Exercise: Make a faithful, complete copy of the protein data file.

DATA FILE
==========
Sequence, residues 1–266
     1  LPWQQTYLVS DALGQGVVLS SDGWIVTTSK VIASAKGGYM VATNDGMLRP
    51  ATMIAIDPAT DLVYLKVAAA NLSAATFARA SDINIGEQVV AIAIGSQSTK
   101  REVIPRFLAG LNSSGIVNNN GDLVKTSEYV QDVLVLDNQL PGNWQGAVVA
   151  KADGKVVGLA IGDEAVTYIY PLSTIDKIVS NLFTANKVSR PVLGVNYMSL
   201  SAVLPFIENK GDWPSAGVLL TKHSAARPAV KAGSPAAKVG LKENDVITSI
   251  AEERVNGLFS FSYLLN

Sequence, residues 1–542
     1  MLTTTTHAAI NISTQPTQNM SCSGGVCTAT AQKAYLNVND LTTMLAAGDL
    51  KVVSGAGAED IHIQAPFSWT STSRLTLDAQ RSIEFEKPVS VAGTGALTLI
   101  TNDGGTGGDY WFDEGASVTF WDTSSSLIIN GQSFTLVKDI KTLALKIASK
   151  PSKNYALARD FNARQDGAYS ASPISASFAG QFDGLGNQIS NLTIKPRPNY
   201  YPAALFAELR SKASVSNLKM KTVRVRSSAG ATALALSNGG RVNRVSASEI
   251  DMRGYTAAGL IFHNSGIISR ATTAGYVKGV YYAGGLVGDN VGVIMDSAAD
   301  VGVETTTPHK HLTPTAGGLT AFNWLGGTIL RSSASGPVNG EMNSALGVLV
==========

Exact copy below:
Sequence, residues 1–266
     1  LPWQQTYLVS DALGQGVVLS SDGWIVTTSK VIASAKGGYM VATNDGMLRP
    51  ATMIAIDPAT DLVYLKVAAA NLSAATFARA SDINIGEQVV AIAIGSQSTK
   101  REVIPRFLAG LNSSGIVNNN GDLVKTSEYV QDVLVLDNQL PGNWQGAVVA
   151  KADGKVVGLA IGDEAVTYIY PLSTIDKIVS NLFTANKVSR PVLGVNYMSL
   201  SAVLPFIENK GDWPSAGVLL TKHSAARPAV KAGSPAAKVG LKENDVITSI
   251  AEERVNGLFS FSYLLN

Sequence, residues 1–542
     1  MLTTTTHAAI NISTQPTQNM SCSGGVCTAT AQKAYLNVND LTTMLAAGDL
    51  KVVSGAGAED IHIQAPFSWT STSRLTLDAQ RSIEFEKPVS VAGTGALTLI
   101  TNDGGTGGDY WFDEGASVTF WDTSSSLIIN GQSFTLVKDI KTLALKIASK
   151  PSKNYALARD FNARQDGAYS ASPISASFAG QFDGLGNQIS NLTIKPRPNY
   201  YPAALFAELR SKASVSNLKM KTVRVRSSAG ATALALSNGG RVNRVSASEI
   251  DMRGYTAAGL IFHNSGIISR ATTAGYVKGV YYAGGLVGDN VGVIMDSAAD
   301  VGVETTTPHK HLTPTAGGLT AFNWLGGTIL RSSASGPVNG EMNSALGVLV